A fascinating portrait of one of Australia's most influential women
Elected to federal parliament aged just twenty-eight, Tanya Plibersek has lived almost half her life in the public eye - and is the longest-serving woman in Australia's House of Representatives. But how much do we know about what drives her, what she values, and what we can expect from her next?
Plibersek was born in Sydney to Slovenian parents, both of whom fled post-war Europe as young adults. Their experiences as migrants would profoundly shape the lives of their children. Driven by a commitment to equity and social change, Plibersek joined the Labor Party at a time of intense factional battles for the party's future and emerged as part of a new generation of ALP leaders. Throughout her career she has campaigned for social justice reform on issues such as paid parental leave, fairer rights at work and rights for same-sex couples and is a staunch advocate for gender equality.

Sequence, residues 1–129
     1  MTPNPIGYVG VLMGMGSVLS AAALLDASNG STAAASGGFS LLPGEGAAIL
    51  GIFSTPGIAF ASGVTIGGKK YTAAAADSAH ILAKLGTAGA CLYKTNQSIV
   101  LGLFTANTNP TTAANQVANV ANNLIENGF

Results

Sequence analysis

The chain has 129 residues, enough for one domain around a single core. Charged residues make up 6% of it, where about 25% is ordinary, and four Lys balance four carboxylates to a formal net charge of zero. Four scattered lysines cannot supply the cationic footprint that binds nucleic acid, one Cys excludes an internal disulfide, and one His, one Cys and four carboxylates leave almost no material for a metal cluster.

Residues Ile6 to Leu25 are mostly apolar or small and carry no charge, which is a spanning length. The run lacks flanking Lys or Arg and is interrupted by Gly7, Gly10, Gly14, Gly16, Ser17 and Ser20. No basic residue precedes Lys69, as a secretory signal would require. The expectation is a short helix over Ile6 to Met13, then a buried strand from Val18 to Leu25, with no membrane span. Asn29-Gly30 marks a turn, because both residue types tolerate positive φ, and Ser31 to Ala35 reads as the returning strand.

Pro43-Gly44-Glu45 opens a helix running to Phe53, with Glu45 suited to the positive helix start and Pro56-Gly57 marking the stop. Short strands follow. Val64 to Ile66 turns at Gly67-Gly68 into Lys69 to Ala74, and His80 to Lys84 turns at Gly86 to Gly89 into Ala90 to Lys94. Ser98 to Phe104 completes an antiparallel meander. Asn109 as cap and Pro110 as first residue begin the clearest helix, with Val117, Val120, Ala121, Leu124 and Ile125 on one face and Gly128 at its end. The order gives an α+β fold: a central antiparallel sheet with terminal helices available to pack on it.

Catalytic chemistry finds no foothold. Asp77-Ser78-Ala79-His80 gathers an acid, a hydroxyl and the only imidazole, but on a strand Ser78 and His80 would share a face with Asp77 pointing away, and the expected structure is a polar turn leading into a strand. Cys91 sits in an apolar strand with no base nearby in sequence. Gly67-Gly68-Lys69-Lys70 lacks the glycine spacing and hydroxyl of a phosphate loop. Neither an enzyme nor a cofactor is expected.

Award-winning journalist Margaret Simons draws on exclusive interviews with Plibersek, her political contemporaries, family and close friends to trace the personal and political strands of this modern Australian story. She considers Plibersek's role in the Rudd and Gillard governments, Labor's soul-searching years in opposition, and Plibersek's position in the Albanese cabinet. She also sheds light on the personal currents that have carried Plibersek, through moments of joy and tragedy, to become the person she is today.